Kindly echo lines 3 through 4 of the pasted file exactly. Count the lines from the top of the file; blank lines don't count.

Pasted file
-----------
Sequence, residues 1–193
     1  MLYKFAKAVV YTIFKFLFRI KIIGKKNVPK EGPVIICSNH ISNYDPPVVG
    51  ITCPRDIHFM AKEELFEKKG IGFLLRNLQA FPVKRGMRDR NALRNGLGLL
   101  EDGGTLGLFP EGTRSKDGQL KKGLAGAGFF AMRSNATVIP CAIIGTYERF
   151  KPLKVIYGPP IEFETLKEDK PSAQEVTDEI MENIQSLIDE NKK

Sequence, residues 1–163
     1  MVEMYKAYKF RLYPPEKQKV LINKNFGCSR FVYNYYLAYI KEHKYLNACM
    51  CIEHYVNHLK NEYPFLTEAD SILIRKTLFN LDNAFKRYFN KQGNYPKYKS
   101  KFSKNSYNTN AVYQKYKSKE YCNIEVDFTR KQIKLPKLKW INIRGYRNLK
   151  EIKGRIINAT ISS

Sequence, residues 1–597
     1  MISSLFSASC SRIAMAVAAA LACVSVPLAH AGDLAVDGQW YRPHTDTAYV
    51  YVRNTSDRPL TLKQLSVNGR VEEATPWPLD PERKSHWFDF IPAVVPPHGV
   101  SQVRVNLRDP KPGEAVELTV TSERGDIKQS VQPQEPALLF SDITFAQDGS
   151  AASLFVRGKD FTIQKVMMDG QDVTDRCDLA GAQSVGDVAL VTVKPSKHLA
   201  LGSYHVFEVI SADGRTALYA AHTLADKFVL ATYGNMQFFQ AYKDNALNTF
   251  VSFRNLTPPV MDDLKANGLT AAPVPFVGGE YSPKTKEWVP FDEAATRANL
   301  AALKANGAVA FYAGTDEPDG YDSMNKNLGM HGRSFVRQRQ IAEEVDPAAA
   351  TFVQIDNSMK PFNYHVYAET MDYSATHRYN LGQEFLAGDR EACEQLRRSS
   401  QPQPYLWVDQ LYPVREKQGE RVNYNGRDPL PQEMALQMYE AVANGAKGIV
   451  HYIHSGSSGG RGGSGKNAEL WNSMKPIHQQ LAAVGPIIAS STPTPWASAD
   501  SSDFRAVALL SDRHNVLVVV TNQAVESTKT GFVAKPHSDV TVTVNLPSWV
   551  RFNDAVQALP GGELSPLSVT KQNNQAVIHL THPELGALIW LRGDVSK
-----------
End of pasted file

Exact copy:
    51  ITCPRDIHFM AKEELFEKKG IGFLLRNLQA FPVKRGMRDR NALRNGLGLL
   101  EDGGTLGLFP EGTRSKDGQL KKGLAGAGFF AMRSNATVIP CAIIGTYERF